The Indian Ministry of Defense announced on January 13, 2020, the approval of a contract to acquire 83 new HAL Tejas aircraft. It includes 73 Light Combat Aircraft (LCA) Tejas MK-1A multirole fighters, and 10 LCA Tejas Mk-1 trainers.
The ministry also approved a maintenance component attached to the acquisition contract, thus enabling the Indian Air Force (IAF) to develop maintenance infrastructure on the bases that will host the Tejas. The contract is estimated to be worth around $5 billion (Rs. 45,696 core). The fighter is currently produced by the state-owned manufacturer Hindustan Aeronautics Limited (HAL) at a low output of four aircraft per year.
The Tejas is defined by its manufacturer as a light fighter of 4+ Generation. It is equipped with an AESA radar, BVR (beyond visual range) missiles, and an electronic warfare suite. It can also be refueled mid-air, expanding its operating range. Its purpose within the IAF is to replace the antique MiG-21. On March 18, 2020, the Ministry’s Defence Acquisition Council had approved the budget for an order of the single-seat combat aircraft “made in India”.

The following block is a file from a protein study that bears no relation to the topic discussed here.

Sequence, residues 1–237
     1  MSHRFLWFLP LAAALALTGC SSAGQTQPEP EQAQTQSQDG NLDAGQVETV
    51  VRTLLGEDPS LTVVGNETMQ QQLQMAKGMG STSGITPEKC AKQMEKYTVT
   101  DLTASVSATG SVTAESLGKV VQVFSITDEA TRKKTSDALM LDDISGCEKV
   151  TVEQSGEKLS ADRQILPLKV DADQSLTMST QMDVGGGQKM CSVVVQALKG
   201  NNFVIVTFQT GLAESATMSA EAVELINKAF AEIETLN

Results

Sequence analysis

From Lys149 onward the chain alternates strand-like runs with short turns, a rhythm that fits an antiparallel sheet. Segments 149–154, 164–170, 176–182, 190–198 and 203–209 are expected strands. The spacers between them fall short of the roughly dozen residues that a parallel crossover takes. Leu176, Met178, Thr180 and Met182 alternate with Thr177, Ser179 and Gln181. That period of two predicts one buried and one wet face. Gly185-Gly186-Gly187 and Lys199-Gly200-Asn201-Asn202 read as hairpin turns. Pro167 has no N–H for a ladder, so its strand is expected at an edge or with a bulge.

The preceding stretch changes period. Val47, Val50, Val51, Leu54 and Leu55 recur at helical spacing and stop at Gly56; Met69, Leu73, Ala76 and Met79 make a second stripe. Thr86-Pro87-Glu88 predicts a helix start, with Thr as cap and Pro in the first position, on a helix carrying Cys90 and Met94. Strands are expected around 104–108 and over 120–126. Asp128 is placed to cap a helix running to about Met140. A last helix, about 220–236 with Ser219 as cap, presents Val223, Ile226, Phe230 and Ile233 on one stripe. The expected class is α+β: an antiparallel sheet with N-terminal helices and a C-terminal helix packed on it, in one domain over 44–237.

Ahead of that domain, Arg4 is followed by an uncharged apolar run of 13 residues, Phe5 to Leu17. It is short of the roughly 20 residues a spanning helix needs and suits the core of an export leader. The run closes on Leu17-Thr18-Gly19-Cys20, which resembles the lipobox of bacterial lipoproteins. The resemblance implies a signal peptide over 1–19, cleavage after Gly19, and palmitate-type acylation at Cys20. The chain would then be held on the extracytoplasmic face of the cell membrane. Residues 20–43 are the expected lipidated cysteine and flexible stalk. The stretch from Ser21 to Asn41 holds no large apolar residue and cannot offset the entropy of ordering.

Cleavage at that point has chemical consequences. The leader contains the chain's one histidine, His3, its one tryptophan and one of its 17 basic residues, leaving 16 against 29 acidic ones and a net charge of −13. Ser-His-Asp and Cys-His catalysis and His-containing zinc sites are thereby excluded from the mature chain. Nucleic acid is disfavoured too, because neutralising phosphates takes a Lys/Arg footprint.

The Indian Navy eventually hopes to replace its MiG-29 fighters with a variant of the Tejas, still under development, which could operate from the INS Vikramaditya (ex-Kyiv class) aircraft carrier, and the locally-built INS Vikrant, to be delivered by 2021
On September 10, 2020, the India Air Force officially inducted the Dassault Rafale. 36 of the French-made fighters had been ordered in 2016. They are to be deployed at Ambala Air Force Base near the Pakistani border, and in the Ladakh region, where a Sino-Indian border dispute has taken place.
India is still holding an MRCA (multi-role combat aircraft) competition to pick a new backbone aircraft for the air force fighter fleet. The program evaluates the Eurofighter Typhoon, the Dassault Rafale, the Lockheed Martin F-21 (a tailor-made version of the F-16), the Boeing F/A-18E/F Super Hornet and F-15EX, the SAAB Gripen, the Mikoyan MiG-35, and the Sukhoi Su-35.